Robots are used for myriad applications, including welding, painting, palletizing and assembly. Now, dairy farmers are using them milk cows.
Agriculture-one of only three ways to create real wealth-has always been challenging, and dairy farming is arguably the most challenging, at least in terms of never-ending commitment. Row crops can be planted, protected from insects and disease, and even harvested with some flexibility in scheduling. Similarly, feeding meat animals to market weight has some flexibility in scheduling. But in dairy farming, cows must be milked on a regular schedule, several times a day, 365 days a year. The life of a dairy farmer has always been one of unbending adherence to a schedule.
Enter-stage left-automation in the form of robotic milking. Milking machines have been in use for years, of course, but they still require numerous manual operations to get the job done. And, generally speaking, milking must still be done on a rigid schedule. Not so at the Russell Buchholz farm in Malta, IL. As reported recently in Point of View, the DeKalb County (IL) Farm Bureau’s newspaper, Buchholz’s dairy cows are now on their own schedule with the help of twoVoluntary Milking Systems (VMS) from DeLaval. The firm has been making these robotic milkers for 10 years. While robotic technology has been used extensively in Europe, the Buchholz installation is the first in Illinois.
Each of the 116 cows is fitted with an electronic collar that identifies that cow to the computer controlling the system. When a cow decides to be milked, she enters an entry lock where she is identified. If a sufficient amount of time has elapsed since her last milking, the cow is allowed to enter and given a dietary concentrate. A multipurpose robotic arm then extends underneath the cow and, guided by laser and photo sensors, cleans and dries each teat before attaching vacuum milking cups.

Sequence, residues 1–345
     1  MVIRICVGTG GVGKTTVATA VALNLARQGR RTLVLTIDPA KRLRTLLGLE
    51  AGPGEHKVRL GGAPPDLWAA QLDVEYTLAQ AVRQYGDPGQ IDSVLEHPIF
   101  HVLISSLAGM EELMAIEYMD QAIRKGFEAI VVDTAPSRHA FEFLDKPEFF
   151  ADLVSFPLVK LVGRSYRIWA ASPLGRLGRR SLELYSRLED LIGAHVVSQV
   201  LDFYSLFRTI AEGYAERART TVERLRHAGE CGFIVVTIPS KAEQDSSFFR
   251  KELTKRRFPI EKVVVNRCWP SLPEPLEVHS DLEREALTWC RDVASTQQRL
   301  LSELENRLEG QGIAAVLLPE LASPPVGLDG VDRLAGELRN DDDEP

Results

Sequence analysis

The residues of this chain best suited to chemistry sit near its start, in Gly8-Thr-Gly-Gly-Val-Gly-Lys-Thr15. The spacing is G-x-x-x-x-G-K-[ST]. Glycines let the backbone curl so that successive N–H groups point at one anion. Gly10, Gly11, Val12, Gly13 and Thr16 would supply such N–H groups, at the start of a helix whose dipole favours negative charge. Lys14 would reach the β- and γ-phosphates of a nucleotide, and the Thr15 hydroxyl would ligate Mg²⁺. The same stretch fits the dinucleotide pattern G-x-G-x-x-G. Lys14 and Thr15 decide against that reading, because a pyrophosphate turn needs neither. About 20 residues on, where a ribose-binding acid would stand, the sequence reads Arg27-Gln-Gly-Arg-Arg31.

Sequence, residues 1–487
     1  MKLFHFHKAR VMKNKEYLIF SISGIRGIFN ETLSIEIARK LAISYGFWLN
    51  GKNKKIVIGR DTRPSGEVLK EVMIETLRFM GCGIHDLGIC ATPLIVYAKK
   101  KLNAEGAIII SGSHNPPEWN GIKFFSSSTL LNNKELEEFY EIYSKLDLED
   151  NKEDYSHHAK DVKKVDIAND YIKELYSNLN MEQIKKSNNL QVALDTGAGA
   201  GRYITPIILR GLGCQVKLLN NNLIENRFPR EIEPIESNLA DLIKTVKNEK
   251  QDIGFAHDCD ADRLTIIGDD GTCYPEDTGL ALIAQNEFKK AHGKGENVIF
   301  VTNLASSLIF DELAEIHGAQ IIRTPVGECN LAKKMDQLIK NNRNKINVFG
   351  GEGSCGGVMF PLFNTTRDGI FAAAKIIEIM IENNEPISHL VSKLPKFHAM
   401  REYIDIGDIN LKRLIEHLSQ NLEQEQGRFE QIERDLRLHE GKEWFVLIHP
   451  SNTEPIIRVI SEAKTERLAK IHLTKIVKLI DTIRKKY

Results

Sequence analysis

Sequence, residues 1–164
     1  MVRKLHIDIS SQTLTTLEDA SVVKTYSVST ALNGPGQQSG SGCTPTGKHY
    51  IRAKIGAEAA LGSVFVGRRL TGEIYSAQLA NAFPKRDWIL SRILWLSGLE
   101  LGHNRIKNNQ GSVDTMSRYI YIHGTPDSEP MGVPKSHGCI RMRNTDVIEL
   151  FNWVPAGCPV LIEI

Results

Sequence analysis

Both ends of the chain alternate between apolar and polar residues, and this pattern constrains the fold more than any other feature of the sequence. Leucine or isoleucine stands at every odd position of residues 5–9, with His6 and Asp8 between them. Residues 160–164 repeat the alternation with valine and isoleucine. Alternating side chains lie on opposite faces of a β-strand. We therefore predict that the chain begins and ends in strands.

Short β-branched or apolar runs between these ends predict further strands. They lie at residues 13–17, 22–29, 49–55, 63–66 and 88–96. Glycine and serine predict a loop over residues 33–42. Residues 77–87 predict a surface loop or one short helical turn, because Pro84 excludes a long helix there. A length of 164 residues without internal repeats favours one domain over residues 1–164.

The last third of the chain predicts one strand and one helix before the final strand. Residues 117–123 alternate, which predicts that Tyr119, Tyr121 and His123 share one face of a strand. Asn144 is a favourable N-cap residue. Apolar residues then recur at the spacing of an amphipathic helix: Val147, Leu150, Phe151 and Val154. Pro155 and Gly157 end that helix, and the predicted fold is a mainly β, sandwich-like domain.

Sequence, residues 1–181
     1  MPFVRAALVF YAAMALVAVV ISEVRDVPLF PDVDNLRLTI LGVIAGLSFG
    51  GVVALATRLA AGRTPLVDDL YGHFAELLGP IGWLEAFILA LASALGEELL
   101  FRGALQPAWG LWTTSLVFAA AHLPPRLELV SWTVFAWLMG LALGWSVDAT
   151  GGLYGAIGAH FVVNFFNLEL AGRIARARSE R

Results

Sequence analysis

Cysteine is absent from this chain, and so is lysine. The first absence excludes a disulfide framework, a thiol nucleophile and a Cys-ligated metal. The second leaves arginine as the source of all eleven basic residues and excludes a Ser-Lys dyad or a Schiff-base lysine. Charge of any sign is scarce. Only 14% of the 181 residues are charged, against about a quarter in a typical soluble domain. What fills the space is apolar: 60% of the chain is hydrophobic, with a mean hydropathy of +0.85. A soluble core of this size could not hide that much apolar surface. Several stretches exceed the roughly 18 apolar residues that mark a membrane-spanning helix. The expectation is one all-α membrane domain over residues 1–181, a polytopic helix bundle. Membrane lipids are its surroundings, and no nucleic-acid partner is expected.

Milk flow, quantity and milking time are monitored individually for each of the cow’s four teats, and compared with historical values. After milking, the vacuum cup lines are retracted, and the robotic arm sprays the cow’s underside with a disinfectant. The gate then opens, releasing the cow to the feeding area, and the VMS system cleans itself before allowing the next cow to enter.
Although automation and robotics have progressed to an extent unimaginable 50 years ago, there are still areas where the “you can’t automate that” mindset impedes their application. Dairy farming was one such area not many years ago. But people like the Buchholz family will expand the automation envelope into new areas in the years ahead.